As you can see, a 600-foot tall turbine dwarfs our county's current tallest erection, Mr. Koppeis' five-story building at 11 South, Columbia.
Comparison With Illinois Counties
Dekalb County: recently amended their setback ordinance to 3000’ (feet) or 6 times tower height from a property boundary. This happened after 12 months of public hearings, testimony from expert witnesses, and litigation from property owners. The maximum allowable tower height is 500’.
Dewitt County: mandates a 2000’ setback from a property line.
Lee County: requires setback “conditional criteria” of 1400’ or 3.5 times tower height from a residence, whichever is greater. The current Lee County wind ordinance actually stipulates a 350’ setback from a residence, but the “conditional criteria” requirement demonstrates a torturous and illustrative evolution. The first commercial wind energy system in Illinois was inaugurated in Lee County in 2003. All went well and three additional wind energy projects were approved. With the fifth wind project application, strong public opposition developed, led by a coalition of farmers and an organized group of property owners and environmentalists. The opposition groups merged and sued the county to stop the development. The county commissioners declared a 12- month moratorium on the project and empaneled an ad hoc citizen committee to make recommendations. The committee consisted of opposition groups, county officials, and technical experts. The committee’s recommendations were adopted by the commissioners, only in part, and a case-by-case, “conditional criteria” review process was put in place. This remains the county’s wind energy system approval adjudication process.
Henry County: requires a 1500’ setback from a property line.
Livingston County: now sets a 3250’ setback from a property line. A recent ordinance amendment occurred after two years public testimony hearings and a non-binding voter referendum showing 83% citizen disapproval of previous ordinance requirements.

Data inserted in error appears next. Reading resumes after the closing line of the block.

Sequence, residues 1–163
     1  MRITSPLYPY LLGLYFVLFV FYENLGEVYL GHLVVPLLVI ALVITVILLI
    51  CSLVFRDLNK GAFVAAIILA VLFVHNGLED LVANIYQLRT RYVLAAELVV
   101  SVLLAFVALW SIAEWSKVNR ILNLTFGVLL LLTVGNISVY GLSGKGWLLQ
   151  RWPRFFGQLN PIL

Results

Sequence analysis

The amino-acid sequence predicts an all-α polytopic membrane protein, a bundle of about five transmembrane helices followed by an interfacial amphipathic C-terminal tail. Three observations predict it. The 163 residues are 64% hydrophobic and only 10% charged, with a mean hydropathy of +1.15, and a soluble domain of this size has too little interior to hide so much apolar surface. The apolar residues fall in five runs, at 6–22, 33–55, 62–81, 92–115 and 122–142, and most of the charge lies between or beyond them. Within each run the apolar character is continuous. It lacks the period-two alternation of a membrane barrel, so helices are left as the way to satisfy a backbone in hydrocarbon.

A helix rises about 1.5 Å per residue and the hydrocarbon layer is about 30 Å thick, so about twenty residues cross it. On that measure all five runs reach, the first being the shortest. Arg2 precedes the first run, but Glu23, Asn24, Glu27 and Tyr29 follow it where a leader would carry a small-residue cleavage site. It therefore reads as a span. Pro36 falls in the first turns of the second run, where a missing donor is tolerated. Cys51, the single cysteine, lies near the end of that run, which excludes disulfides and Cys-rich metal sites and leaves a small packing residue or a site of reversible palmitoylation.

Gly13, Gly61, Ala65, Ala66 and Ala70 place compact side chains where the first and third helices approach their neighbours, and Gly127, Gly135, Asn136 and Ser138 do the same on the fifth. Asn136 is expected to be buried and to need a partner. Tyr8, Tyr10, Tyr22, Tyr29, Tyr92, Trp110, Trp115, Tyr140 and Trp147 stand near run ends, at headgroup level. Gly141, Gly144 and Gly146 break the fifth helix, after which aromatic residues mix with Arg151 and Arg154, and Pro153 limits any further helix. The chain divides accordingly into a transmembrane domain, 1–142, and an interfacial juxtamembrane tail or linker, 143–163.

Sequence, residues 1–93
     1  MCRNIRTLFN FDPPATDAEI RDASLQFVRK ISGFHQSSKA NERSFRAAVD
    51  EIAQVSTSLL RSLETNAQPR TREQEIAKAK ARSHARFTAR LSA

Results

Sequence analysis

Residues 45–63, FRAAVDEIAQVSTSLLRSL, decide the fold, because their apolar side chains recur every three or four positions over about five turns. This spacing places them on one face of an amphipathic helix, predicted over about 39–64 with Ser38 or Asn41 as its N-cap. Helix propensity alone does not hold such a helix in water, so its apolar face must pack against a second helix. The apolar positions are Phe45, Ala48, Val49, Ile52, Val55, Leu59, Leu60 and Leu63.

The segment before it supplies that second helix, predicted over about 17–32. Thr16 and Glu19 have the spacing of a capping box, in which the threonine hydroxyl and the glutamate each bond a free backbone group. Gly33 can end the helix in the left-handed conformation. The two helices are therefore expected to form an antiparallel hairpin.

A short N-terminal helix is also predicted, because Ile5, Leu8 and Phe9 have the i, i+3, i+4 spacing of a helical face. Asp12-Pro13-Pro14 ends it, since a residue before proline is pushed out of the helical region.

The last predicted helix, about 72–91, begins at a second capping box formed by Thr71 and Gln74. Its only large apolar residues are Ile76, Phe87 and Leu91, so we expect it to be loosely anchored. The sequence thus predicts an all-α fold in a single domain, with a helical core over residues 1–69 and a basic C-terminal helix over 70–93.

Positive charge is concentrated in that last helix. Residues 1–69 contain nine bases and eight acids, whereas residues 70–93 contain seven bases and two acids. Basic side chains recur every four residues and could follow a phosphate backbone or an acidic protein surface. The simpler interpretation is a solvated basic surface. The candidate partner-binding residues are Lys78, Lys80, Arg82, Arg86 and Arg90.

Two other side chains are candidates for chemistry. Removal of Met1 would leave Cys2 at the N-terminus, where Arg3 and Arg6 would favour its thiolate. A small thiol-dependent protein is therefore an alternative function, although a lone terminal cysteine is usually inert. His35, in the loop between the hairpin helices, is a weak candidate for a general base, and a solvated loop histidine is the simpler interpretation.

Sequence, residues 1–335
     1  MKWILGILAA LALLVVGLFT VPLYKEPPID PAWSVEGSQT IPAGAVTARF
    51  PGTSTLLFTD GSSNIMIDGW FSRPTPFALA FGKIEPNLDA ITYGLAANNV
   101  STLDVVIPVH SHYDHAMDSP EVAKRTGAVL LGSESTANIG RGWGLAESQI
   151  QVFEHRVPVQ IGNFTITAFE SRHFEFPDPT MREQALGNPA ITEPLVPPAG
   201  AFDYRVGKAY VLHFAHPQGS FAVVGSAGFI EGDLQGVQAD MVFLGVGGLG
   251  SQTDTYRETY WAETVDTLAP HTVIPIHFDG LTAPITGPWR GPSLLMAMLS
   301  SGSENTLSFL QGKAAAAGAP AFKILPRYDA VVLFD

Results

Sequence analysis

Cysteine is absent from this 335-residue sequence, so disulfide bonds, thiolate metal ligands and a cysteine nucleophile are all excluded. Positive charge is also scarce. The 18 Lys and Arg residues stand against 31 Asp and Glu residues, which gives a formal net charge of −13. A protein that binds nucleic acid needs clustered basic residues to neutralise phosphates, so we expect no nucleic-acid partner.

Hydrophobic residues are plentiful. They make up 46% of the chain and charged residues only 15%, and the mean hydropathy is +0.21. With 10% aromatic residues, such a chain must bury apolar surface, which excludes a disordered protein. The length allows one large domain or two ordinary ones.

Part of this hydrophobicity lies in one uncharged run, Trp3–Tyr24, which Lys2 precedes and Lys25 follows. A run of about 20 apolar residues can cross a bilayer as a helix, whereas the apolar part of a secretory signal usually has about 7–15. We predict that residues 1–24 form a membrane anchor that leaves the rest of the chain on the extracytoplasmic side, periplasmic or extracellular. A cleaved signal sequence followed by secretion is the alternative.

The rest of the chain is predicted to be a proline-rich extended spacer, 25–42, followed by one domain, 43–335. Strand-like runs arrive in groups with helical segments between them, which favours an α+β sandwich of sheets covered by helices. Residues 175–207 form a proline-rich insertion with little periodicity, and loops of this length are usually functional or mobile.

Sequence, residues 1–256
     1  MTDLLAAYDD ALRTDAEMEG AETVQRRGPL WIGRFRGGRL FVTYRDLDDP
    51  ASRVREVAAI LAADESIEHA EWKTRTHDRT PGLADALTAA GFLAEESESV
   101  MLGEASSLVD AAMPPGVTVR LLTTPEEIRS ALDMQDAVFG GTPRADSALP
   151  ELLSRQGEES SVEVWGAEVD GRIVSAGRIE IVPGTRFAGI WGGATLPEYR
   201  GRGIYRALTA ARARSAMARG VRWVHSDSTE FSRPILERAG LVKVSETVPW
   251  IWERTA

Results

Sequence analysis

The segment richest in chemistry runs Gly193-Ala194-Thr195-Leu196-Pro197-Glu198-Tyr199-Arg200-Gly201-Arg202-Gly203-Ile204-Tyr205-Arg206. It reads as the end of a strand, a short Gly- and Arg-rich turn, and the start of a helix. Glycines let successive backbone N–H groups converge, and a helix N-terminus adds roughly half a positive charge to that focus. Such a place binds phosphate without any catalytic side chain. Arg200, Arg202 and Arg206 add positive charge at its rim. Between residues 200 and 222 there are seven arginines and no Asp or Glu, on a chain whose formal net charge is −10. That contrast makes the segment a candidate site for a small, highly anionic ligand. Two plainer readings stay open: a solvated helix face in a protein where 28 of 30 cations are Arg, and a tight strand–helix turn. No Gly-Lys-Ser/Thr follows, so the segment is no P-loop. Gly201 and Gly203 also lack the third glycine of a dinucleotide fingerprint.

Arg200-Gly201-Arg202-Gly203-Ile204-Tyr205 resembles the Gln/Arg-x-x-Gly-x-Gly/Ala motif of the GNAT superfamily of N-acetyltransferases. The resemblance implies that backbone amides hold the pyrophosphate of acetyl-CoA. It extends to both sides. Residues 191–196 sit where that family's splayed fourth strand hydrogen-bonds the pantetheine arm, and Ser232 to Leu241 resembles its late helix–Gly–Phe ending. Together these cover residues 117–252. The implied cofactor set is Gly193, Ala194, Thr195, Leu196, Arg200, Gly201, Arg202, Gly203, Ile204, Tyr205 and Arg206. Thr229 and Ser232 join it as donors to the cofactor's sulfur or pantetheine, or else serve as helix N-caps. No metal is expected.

Woodford County: requires a 2400’ setback from a property line or 4 times tower height, whichever is greater.
Bureau County: requires a 1400’ or 3.2 times tower height whichever is greater from a residence.
LaSalle County: requires a 1200’ setback from any residential dwelling.
Marshall County: requires a 1000’ setback from residence or structure.
Stark County: requires 1000’ setback from a residence.
Vermilion County: requires a setback of 1.1 times tower height from a property line.
Champaign County: requires a 1200’ setback from residence or structure and sets a 500’ maximum tower height.
McLean County: requires a 2000’ setback from residential district / 1500’ setback from single residential dwelling with a 550’ maximum tower height allowable.
Stephenson County: requires a setback of 1.1 times tower height from a property line.
Logan County: requires a 1000’ setback from a building structure.
Tazwell County: requires a setback of 1.1 times tower height from a property line.
Kankakee County: requires a 1200’ setback from a residential dwellings.
Ford County: requires 2250’ setback from a property line.
Iroquois County: made a recent ordinance amendment with a 1500’ setback from property line. Residents of Douglas Township didn’t like it, so they created a 2500’ setback township ordinance.
Boone County: requires 2640’ or 5.5 times tower height setback from a property line. Boone County has no functioning commercial wind systems. Several years ago, they conducted a resident straw poll showing great opposition to wind towers. So, they wrote their ordinance and have had no applications.